lost forever. Our stories are the ruins of a Presence that
has moved on. The past is an idol, molded of mere thought,
devoid of sentience.

Yet precisely because of this blessed loss, we are free.
We are pure. Not as thought or belief, but as Awareness.
No matter what our past has been, we awaken in this moment,
untainted, utterly fresh. Loss is the holy ground of possibility.

Engraving, William Blake, 'The Song of Los.'  
Collage, Rashani Réa

Dissolving Now Is The Ancient Way

Whatever I can name I can let go of. When I let go of every name, even the name of God, who remains?

The deepest meditation is not repetition of the divine name. Nor is it concentration on the mantra, nor contemplation of any form that could be named. In deep meditation, mantra dissolves, name and form evaporate, and with the dissolution of nama-rupa, mind also vanishes.

When I surrender all that can be named, there is unfathomable silence, resonant with a thunderous Word of creation. And when my own name is thoroughly lost, I Am.

"Layam vraja," said Rishi Ashtavakra. "Dissolve now!" What remains is self-luminous awareness, without form, boundary, or content.

Meditation practice begins on the level of nama-rupa, name and form. A breath, a mantra, or one's Ishta-devata (chosen form of God) gently floats on waves of awareness. But because meditation does not cling or grasp, the object vanishes into the subject. Then the radiance of pure subjectivity becomes its own object. This little mind dissolves into the sparkling sea of Consciousness. Nameless bliss.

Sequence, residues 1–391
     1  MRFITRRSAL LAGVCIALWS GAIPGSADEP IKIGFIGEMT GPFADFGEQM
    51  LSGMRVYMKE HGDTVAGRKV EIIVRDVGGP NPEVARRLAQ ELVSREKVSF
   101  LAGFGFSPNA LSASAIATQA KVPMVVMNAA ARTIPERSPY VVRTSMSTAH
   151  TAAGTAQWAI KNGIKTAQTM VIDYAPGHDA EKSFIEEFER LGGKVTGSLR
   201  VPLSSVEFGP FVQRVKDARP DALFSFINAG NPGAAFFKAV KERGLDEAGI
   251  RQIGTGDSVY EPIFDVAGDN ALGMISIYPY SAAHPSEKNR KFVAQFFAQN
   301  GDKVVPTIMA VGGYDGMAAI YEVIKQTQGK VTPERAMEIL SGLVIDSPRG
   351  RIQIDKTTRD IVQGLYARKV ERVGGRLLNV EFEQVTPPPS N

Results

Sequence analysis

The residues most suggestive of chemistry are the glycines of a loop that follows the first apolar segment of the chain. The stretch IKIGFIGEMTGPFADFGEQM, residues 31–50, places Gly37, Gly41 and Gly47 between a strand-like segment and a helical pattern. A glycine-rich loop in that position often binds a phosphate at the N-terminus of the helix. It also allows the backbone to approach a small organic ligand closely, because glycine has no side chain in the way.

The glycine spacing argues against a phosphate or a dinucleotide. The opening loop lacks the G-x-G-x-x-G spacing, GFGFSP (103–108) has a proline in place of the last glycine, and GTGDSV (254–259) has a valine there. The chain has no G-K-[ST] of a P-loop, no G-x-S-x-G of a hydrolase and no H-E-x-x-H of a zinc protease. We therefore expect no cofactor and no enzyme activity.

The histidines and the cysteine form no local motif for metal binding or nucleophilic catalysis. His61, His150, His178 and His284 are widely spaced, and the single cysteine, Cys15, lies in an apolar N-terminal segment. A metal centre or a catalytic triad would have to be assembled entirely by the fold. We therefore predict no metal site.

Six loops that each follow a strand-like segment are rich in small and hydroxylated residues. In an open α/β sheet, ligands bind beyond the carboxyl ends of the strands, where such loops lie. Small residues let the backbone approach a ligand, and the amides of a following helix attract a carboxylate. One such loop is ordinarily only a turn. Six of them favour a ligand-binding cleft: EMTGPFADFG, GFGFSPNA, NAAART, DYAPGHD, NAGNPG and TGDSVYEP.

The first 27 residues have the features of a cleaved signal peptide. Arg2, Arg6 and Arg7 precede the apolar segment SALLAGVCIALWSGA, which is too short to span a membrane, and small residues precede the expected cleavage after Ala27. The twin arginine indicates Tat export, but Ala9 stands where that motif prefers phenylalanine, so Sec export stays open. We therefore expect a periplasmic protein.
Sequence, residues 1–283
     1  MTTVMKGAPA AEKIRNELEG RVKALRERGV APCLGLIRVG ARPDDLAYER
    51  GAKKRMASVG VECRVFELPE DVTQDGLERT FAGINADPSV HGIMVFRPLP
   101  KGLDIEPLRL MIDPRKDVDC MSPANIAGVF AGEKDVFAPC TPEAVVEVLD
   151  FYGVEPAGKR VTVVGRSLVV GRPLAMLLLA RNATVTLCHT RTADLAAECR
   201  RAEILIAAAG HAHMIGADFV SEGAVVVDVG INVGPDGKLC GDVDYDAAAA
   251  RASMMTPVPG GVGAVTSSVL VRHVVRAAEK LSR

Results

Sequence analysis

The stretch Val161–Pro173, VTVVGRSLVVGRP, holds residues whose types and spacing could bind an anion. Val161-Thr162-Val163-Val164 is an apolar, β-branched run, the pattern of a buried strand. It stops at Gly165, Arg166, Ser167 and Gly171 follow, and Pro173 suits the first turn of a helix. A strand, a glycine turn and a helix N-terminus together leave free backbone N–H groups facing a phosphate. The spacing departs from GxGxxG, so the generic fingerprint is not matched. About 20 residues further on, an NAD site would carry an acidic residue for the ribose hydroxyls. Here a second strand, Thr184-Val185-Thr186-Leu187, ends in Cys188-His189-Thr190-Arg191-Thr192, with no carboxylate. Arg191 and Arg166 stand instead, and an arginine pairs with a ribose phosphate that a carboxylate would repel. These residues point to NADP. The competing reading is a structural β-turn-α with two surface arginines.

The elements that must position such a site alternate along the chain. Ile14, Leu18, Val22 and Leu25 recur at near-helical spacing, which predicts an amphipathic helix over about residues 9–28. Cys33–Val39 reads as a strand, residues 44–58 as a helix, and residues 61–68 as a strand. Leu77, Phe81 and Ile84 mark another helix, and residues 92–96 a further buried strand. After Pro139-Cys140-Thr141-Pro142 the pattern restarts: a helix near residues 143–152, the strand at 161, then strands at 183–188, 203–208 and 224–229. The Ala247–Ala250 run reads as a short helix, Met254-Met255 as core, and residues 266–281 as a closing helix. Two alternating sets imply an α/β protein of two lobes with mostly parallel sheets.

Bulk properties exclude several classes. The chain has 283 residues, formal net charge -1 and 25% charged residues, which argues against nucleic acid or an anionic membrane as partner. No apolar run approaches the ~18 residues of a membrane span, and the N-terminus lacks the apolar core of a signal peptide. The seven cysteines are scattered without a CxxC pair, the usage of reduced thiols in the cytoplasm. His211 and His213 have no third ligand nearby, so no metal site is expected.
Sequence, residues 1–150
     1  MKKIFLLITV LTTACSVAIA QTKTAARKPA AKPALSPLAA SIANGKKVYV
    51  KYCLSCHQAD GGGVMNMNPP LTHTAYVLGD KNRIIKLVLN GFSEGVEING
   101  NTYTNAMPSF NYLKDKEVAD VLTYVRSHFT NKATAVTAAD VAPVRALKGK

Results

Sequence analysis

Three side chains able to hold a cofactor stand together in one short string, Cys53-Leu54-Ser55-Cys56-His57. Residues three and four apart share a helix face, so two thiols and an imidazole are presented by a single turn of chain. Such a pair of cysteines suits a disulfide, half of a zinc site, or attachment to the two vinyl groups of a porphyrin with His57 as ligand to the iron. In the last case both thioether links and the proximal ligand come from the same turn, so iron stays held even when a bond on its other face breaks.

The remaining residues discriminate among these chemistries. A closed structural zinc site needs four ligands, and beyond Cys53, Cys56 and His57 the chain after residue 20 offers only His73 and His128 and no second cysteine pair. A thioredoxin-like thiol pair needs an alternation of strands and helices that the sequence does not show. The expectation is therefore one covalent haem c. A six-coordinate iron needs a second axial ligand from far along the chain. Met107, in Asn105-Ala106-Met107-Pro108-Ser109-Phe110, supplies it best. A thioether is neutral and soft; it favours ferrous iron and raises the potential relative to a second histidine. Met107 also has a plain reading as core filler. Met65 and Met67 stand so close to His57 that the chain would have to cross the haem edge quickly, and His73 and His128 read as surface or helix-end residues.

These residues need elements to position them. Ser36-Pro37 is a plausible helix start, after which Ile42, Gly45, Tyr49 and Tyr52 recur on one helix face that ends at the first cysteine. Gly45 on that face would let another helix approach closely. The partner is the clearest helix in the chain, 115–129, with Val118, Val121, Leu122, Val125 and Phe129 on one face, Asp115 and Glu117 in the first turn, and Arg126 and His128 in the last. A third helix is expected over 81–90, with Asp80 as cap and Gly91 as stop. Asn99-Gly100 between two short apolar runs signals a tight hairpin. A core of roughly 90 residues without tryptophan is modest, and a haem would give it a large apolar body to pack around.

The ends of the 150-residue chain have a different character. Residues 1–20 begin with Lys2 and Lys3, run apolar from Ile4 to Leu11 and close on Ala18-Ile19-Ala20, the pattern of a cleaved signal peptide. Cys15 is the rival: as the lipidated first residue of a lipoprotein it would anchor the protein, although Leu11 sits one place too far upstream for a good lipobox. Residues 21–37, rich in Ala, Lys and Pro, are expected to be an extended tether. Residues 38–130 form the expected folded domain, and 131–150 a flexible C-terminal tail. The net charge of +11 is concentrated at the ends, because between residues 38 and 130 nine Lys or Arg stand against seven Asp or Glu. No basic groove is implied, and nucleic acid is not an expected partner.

Some may say, "It sounds like falling asleep." No. Pure Consciousness is beyond waking, dreaming, and deep sleep. The breath of the mantra does not fall into sleep, but into Presence. And nothing is more awake! Presence is alertness itself, needing no-thing to be aware of.

At the dissolution of nama-rupa, awareness Christalizes in itself. All thinking dissolves, and for a brief stunning instant every photon of the body dematerializes in the womb of the Uncreated.

Even a flash of transcendental deep meditation is healing medicine. In that breathless moment is a New Creation, regenerating mind and body together. For at the level of Presence, matter and spirit are waves of the same silence. Subject and object both arise from one energy, which is ananda, bliss.

In his Biblical epistles, St. Paul spoke often of this re-creation in the crystal depths of Christ Consciousness:
"Be ye transformed by the renewing of your mind." ~Romans 12:2
"All that matters is a new creation." ~Galatians 6:15 
"Any person who is in Christ is a new creature: old things are passed away; behold, all is made new!" ~2 Corinthians 5:17